‘Modern Family’ creator Steve Levitan seeks $16 million for Malibu beach house

Steve Levitan, the TV powerhouse behind shows such as “Modern Family,” “Stacked” and “Just Shoot Me,” is testing the waters in Malibu. His Cape Cod-style beach house just hit the market for $16 million.

a large building: The contemporary Cape Cod includes six bedrooms, seven bathrooms, a great room, lofted gym and multiple decks overlooking the ocean. (Mac Hayward)

© (Mac Hayward)
The contemporary Cape Cod includes six bedrooms, seven bathrooms, a great room, lofted gym and multiple decks overlooking the ocean. (Mac Hayward)

He’ll triple his money if he gets his price. Records show the Emmy-winning director-producer paid $5.4 million for the property in 2002.


Load Error

Spanning a quarter of an acre, the oceanfront abode descends down a bluff to Broad Beach — an exclusive stretch of sand with high-profile residents over the years including Frank Sinatra, Mindy Kaling, Walter Hill and Eli Broad.

Levitan made a few changes during his stay, renovating the oversized chef’s kitchen overlooking the ocean. Other highlights in the 6,700-square-foot floor plan include an interior courtyard, elevator, lofted gym and great room that opens to a beachfront deck.

Elsewhere are six bedrooms and seven bathrooms, including three detached guest suites and a three-room owner’s suite with two-story ceilings, a sitting area and private deck. Out back, multiple staircases descend to the beach near Lechuza Point.

Levitan, 58, earned an Emmy as a producer for “Frasier” and also received nominations for “The Larry Sanders Show” and “Just Shoot Me.” More recently, he co-created the shows “Back to You,” “LA to Vegas” and “Modern Family,” which ran for 11 seasons and ended earlier this year.

The listing is held by Tony Mark and Russell Grether of the Mark & Grether Group at Compass, Kimberley Pfeiffer of Compass and Donald Richstone of Coldwell Banker Malibu Colony.

This story originally appeared in Los Angeles Times.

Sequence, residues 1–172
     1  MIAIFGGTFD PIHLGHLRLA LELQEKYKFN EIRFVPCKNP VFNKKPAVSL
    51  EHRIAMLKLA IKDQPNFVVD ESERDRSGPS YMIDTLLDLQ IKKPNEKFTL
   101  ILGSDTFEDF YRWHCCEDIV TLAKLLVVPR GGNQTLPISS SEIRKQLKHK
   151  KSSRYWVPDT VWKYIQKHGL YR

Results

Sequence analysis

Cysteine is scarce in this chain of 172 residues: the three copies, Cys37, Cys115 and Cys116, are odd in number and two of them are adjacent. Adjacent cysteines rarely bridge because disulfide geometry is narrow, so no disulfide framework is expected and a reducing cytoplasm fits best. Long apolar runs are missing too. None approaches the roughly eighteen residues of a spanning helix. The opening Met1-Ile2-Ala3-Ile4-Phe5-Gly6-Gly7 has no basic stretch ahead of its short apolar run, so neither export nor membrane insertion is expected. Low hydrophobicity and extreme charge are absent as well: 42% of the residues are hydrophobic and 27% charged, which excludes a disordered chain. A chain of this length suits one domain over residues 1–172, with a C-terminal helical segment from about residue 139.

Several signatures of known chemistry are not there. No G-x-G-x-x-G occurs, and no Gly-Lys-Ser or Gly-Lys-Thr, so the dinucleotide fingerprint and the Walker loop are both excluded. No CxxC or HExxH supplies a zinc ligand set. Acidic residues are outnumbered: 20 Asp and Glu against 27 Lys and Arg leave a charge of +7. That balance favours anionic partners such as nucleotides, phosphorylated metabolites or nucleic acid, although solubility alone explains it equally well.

Continue Reading

Source Article

Read more

CCAGW PAC Endorses Kansas Rep. Roger Marshall for Senate, and Reps. Ron Estes and Steve Watkins for Re-election to the House of Representatives

Today, the Council for Citizens Against Government Waste Political Action Committee (CCAGW PAC) announced its endorsement of Reps. Ron Estes (R-Kans.) and Steve Watkins (R-Kans.) for re-election to the House, and Rep. Roger Marshall (R-Kans.) for election to the Senate.

CCAGW PAC based its endorsements on the candidate’s’ lifetime score in CCAGW’s 2019 Congressional Ratings.

Rep. Estes was named a “Taxpayer Super Hero” in 2019 with a perfect score of 100 percent and is a lifetime “Taxpayer Hero” with a rating of 94 percent. Rep. Watkins has a lifetime rating of 99 percent based on his first year in Congress and Rep. Marshall has a lifetime rating of 87 percent, both earning the title of “Taxpayer Hero.”

“During their tenures in the House, Reps. Estes, Watkins, and Marshall have been strong and reliable votes to curb government waste and reform Washington,” said CCAGW PAC Chairman Tom Schatz. “On top of their impressive voting records, they worked with their colleagues to enact and retain historic tax cuts, support deregulation, and help ignite America’s economic boom. I urge Kansans to re-elect Reps. Estes and Watkins to the House of Representatives, and elect Rep. Marshall to the Senate.”

CCAGW PAC is affiliated with the Council for Citizens Against Government Waste, a 501(c)(4) organization. CCAGW PAC’s mission is to support political candidates who will fight to eliminate waste, fraud, and abuse in government and represent the best interests of taxpayers.

Paid for by the Council for Citizens Against Government Waste Political Action Committee. Not authorized by any candidate or candidate’s committee.

View source version on businesswire.com: https://www.businesswire.com/news/home/20200930005689/en/


Alexandra Abrams (202) 467-5310
[email protected]

Source Article

Read more

Steve Doocy: If you invite the president of the US to your house, you really should tell your spouse

Word to the wise, if you’re going to invite the president of the United States to your house for dinner, you really should tell your spouse.

Don’t know if you’ve heard this, but a certain U.S. president was a very big fan of my TV work. According to White House insiders, he watched me every day.

Before he was president, he himself had been on TV, and according to sources inside the White House, I was one of his favorites who worked at his favorite TV channel.

Of course, I’m talking about Ronald Reagan.

And you thought I was talking about . . . oh, never mind.


Let me explain: For much of the 1980s I was the feature reporter at the NBC-owned TV station in Washington, D.C., and every day at the end of “Live at Five,” I’d have a lighthearted feature report about something amusing going on in our nation’s capital.